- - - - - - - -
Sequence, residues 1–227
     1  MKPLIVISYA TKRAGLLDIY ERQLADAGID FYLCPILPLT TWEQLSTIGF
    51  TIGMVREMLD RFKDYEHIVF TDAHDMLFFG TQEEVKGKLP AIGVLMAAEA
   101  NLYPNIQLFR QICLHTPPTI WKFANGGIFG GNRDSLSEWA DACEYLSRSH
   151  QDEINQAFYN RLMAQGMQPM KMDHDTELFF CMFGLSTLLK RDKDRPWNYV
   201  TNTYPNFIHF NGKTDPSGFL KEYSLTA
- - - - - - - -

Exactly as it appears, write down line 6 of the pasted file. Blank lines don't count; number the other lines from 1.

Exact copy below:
   201  TNTYPNFIHF NGKTDPSGFL KEYSLTA